In the Rubenstein Library, sometimes we primarily judge books by their covers, be they bejeweled, finely bound, or otherwise interestingly decorated. And sometimes we certainly do not. Case in point: the book below.
The Library wouldn’t acquire most copies of the third edition of Langston Hughes’s Shakespeare in Harlem, especially not a [...]Continue Reading →
The Rubenstein Library’s three research center annually award travel grants to undergraduate and graduate students, faculty, and independent scholars through a competitive application process. Congratulations to this year’s recipients, we look forward to working with all of you!
History of Medicine
Cali Buckley, Pennsylvania State University, Department of Art History, for dissertation work on, “Women [...]Continue Reading →
Dearest readers, do you ever feel that there’s not enough Rubenstein Library in your social media day? True, we’re on Facebook, and we have this wonderful blog, and many of our collecting centers also have extensive social media presences (check out the list in the right-hand column) . . . but what if [...]Continue Reading →
Charles “Chuck” Stone Jr. died on April 6 at the age of 89. Stone was a pioneering journalist, a long-time columnist with the Philadelphia Daily News, and co-founder and first president of the National Association of Black Journalists.
Among his notable career accomplishments, Stone was a Tuskegee Airmen during World War II, served as special [...]Continue Reading →
Nathaniel White, Jr was among the first five black students to attend Duke University in 1963. He was not, however, the first person in his family to attend college. His father, Nathaniel White, Sr., had attended Hampton Institute prior to founding his own printing business in Durham. In a newly-digitized interview, White, Sr. [...]Continue Reading →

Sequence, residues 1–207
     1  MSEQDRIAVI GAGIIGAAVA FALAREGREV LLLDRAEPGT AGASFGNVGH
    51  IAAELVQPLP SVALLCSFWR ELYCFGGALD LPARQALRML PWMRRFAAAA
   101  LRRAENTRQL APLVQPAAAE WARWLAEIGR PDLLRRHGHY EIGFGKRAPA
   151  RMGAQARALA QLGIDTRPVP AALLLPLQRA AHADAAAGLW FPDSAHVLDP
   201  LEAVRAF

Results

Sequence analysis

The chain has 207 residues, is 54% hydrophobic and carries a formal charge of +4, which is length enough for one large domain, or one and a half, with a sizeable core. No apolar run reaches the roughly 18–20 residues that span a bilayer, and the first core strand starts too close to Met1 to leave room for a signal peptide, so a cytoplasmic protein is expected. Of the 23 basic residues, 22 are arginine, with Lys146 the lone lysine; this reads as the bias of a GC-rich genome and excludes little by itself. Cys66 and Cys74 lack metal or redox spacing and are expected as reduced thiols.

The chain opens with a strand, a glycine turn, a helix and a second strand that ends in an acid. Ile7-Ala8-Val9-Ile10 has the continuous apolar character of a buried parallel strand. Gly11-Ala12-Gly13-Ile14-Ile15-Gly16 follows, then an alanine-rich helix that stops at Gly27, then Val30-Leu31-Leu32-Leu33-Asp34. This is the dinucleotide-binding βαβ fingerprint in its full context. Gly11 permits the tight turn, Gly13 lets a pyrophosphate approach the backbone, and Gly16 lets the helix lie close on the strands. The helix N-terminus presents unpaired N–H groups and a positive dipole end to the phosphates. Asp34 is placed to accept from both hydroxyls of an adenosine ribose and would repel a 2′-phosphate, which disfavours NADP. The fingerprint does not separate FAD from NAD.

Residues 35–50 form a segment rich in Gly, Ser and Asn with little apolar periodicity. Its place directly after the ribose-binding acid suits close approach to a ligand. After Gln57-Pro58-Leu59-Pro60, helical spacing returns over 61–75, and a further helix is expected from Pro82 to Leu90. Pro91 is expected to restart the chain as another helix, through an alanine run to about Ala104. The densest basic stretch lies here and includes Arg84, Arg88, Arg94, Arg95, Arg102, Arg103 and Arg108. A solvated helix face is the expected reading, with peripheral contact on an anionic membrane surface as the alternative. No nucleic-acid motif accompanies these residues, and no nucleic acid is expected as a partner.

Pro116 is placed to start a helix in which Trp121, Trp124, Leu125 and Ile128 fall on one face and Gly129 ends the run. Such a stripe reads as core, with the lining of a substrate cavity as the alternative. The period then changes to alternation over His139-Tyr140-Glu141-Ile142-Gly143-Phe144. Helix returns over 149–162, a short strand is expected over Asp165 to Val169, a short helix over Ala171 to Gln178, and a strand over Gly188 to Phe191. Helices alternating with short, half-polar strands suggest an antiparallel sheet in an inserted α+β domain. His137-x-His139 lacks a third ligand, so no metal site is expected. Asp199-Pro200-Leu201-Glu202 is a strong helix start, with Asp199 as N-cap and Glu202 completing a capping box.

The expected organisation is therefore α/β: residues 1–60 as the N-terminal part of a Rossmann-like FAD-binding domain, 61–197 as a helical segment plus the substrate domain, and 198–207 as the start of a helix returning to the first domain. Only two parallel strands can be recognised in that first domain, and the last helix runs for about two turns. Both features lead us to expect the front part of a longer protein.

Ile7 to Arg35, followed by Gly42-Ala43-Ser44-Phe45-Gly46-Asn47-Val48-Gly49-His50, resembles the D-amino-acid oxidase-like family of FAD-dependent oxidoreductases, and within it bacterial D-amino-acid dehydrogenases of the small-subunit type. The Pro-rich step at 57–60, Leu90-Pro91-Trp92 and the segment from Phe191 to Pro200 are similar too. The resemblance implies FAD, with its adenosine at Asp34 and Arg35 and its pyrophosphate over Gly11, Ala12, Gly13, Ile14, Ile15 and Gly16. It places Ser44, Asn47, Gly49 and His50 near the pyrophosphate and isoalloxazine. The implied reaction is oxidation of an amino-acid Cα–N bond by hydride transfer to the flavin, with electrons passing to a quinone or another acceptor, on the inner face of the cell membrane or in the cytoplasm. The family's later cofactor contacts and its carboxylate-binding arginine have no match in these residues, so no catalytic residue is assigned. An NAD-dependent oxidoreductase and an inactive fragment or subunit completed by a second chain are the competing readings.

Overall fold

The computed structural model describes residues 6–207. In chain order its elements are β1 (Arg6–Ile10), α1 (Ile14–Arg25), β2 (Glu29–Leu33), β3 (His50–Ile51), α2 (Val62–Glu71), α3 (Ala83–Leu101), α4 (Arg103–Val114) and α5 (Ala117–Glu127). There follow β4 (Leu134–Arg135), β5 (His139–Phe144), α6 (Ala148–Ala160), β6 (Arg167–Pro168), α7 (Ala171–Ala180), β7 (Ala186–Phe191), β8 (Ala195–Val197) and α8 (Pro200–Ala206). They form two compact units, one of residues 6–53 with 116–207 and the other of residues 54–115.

The John Hope Franklin Research Center for African and African American History and Culture is pleased to announce the addition of 310 oral history interviews to the Behind the Veil Digital Collection. The addition to the collection documents the lives of African Americans from the state of North Carolina [...]Continue Reading →
It was a great pleasure to conduct research at the Rubenstein Rare Book & Manuscript Library at Duke. As a recipient of the John Hope Franklin Research Center for African and African American History and Culture travel grant, I looked forward to exploring the Library’s holdings that would advance my understanding of black [...]Continue Reading →
In the mid 1980s, Duke history student Joseph Sinsheimer interviewed veterans of the fight for voting rights in early-1960s Mississippi. The generational distance between the interviews and the subject worked in Sinsheimer’s favor: his narrators had gained the perspective of years but many still had their youth, with memory intact, and were ready [...]Continue Reading →
Perhaps no world leader in recent time has served as a symbol for his country and cause than Nelson Mandela. We honor his life and legacy by sharing some of our materials related to his impact on the world.
Post contributed by John Gartrell, director of the John Hope Franklin [...]Continue Reading →
Each Tuesday, PBS is showing the next installment of a six-part series, The African Americans: Many Rivers to Cross. Written and narrated by Dr. Henry Louis Gates, Jr., the documentary traces African American history from the shores of West Africa to the election of Barack Obama. Join us each week as we feature documents [...]Continue Reading →
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The Devil’s Tale Archive
- Internationalist Books and Community Center records, 1960s-2011. August 26, 2014
- Marcel Montassut papers, 1914-1975. August 21, 2014
- Bengal Chamber of Commerce letter of gratitude to Daniel Mackinlay upon his retirement, 1860 February 21. August 21, 2014
- John Symonds Breedon diaries and account books, 1736-1808. August 18, 2014
- Rosina Lyon letters, 1846-1849. August 15, 2014
- Walden; or, Life in the woods August 22, 2014
- Precationes ex veteribus orthodoxis doctoribus : ex ecclesiae hymnis et canticis, ex Psalmis denique Dauidis collectae, et nunc recens recognitae & auctae August 8, 2014
- The danger of premature interment : proved from many remarkable instances of people who have recovered after being laid out for dead, and of others entombed alive, for want of being properly examined prior to interment : also a description of the manner the ancient Egyptians, and other nations preserved and venerated their dead, and a curious account of their sepulchral ever burning lamps and mausoleums : likewise, the pernicious effects of burying in the body churches, and confined church-yards pointed out, whereby many valuable lives have been lost to the public, and their friends : selected from historical records August 7, 2014
- Conseils aux femmes de quarante ans August 7, 2014